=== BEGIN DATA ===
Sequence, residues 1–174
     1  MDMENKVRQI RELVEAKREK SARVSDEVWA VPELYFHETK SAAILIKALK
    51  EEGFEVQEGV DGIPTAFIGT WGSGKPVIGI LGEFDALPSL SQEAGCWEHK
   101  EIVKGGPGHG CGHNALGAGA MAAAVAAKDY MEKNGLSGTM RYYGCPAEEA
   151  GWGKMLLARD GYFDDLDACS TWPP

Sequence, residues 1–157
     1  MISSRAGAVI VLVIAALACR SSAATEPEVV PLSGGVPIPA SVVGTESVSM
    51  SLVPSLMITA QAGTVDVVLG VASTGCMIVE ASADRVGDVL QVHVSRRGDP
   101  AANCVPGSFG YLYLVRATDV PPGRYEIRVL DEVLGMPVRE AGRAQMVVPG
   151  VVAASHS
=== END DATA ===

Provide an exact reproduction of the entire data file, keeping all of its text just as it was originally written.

Sequence, residues 1–174
     1  MDMENKVRQI RELVEAKREK SARVSDEVWA VPELYFHETK SAAILIKALK
    51  EEGFEVQEGV DGIPTAFIGT WGSGKPVIGI LGEFDALPSL SQEAGCWEHK
   101  EIVKGGPGHG CGHNALGAGA MAAAVAAKDY MEKNGLSGTM RYYGCPAEEA
   151  GWGKMLLARD GYFDDLDACS TWPP

Sequence, residues 1–157
     1  MISSRAGAVI VLVIAALACR SSAATEPEVV PLSGGVPIPA SVVGTESVSM
    51  SLVPSLMITA QAGTVDVVLG VASTGCMIVE ASADRVGDVL QVHVSRRGDP
   101  AANCVPGSFG YLYLVRATDV PPGRYEIRVL DEVLGMPVRE AGRAQMVVPG
   151  VVAASHS